There are some critics who argue that people shouldn’t have to view violent images or that they should be censored.

I think everyone has a breaking point.  I’m not someone who says, “You have to look at this!”   There are things I do not look at.  As I write in the book, I do not look at the jihadist beheading videos—the Daniel Pearl video, and others.  But I don’t think they should be destroyed, or censored—which would, in any case, be impossible.  And obviously, different people have extremely disparate reactions to them.  Those videos are made by the groups carrying out the executions:  they are recruiting tools.  To them this is a great advisement for jihad.  Other people look at these videos and see them not as an advertisement but as barbarism. 

The idea that we all have the same, “natural” reactions to photographs of violence is just not true.  In the lynching photographs, white people are dressed in their Sunday best; they’re with their children, and they’re smiling and laughing.  And right above them are the swaying bodies of black men who have been tortured to death.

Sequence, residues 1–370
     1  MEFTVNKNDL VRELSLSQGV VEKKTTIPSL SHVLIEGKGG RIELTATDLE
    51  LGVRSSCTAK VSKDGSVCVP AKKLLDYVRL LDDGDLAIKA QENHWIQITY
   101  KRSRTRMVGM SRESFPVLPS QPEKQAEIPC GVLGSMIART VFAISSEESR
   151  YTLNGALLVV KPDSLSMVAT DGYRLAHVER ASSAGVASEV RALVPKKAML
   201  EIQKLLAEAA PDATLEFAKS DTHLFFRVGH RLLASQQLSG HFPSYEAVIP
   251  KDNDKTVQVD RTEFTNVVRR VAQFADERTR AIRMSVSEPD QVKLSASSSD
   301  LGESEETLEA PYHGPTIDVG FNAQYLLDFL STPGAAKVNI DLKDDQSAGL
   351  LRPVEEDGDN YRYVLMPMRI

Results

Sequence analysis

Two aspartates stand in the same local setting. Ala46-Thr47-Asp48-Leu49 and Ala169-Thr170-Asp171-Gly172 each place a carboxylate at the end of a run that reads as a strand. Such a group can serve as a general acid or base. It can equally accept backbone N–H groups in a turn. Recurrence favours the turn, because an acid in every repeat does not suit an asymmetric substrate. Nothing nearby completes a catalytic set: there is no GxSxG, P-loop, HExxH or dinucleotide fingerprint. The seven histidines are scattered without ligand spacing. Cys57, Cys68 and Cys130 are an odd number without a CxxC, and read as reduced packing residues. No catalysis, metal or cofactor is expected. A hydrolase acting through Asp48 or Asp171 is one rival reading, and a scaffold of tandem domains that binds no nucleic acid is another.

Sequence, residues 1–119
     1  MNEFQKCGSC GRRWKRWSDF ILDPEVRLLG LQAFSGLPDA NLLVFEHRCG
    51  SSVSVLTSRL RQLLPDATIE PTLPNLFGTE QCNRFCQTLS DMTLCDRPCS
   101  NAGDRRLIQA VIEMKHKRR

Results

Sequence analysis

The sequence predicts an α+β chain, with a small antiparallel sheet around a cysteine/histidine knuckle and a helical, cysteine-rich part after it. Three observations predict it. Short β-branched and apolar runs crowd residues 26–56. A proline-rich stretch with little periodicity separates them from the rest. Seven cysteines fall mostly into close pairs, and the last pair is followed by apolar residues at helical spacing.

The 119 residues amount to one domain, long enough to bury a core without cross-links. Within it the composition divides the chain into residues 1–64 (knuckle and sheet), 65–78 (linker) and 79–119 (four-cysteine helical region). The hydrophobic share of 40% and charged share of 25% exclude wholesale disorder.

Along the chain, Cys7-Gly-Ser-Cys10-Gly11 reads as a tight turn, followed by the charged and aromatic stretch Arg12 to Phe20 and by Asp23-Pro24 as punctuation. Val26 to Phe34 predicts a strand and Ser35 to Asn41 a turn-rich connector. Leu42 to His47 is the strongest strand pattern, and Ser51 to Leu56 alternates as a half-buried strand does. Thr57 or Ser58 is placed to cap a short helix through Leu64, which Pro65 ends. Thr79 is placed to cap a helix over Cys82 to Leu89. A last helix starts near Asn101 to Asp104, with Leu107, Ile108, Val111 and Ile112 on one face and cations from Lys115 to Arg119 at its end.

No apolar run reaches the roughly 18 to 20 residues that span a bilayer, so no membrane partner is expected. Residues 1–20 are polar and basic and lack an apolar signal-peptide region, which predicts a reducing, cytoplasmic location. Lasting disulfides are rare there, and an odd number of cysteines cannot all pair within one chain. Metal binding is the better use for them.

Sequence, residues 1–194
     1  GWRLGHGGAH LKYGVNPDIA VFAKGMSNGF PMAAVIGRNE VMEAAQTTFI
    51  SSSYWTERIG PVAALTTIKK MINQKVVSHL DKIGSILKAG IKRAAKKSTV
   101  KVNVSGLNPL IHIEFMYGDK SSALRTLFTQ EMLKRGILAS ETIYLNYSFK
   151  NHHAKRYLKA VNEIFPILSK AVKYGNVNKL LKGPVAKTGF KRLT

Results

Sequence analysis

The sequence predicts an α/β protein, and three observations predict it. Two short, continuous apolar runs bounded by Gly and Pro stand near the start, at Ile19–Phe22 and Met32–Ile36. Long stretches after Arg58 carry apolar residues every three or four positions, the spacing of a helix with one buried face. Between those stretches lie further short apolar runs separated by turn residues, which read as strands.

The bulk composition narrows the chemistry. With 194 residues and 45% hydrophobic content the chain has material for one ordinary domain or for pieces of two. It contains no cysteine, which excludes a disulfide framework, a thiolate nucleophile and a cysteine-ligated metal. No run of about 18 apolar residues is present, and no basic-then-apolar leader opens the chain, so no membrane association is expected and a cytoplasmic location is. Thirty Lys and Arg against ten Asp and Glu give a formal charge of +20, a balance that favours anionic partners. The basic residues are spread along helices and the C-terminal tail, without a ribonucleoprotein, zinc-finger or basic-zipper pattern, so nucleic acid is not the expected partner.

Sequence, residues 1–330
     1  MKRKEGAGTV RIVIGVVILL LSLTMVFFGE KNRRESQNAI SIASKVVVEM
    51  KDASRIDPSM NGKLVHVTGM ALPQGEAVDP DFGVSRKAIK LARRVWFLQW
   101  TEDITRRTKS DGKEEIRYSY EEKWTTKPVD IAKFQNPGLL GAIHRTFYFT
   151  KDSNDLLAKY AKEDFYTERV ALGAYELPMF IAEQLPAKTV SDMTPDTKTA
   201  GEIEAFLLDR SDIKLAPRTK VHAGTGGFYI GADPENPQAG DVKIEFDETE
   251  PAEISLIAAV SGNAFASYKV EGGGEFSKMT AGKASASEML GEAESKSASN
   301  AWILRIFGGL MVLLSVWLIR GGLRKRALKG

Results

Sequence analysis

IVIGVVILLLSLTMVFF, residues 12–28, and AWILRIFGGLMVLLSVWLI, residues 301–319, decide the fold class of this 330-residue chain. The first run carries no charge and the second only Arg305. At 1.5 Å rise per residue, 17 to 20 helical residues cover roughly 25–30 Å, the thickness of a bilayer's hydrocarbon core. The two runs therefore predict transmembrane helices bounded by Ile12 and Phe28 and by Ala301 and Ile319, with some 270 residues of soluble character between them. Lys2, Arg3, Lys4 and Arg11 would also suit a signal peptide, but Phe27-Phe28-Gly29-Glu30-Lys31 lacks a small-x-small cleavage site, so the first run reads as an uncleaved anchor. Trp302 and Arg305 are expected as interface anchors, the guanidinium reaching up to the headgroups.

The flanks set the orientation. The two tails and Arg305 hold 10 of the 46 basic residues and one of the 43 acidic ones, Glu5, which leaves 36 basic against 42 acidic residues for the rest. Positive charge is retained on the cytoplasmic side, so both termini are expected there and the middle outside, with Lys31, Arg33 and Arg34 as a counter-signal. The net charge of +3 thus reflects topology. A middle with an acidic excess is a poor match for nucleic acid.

Or look at Nazi photographs.  Some were taken by Nazi soldiers in the ghettos and, whether they were meant to be or not, can be very empathetic.  And some are absolutely hideous, where smiling, healthy German soldiers are doing horrendous things to their victims.  They are cruelty incarnate.

We can’t control the way people view things.  All we can do is create a political context, and a human context, where the number of people outraged by suffering will be far, far greater and far, far more powerful than the number of people who celebrate suffering.

And again you stress the historical value of photographs in situations such as refuting Holocaust deniers.  Yet some argue that it’s disrespectful to view these photos.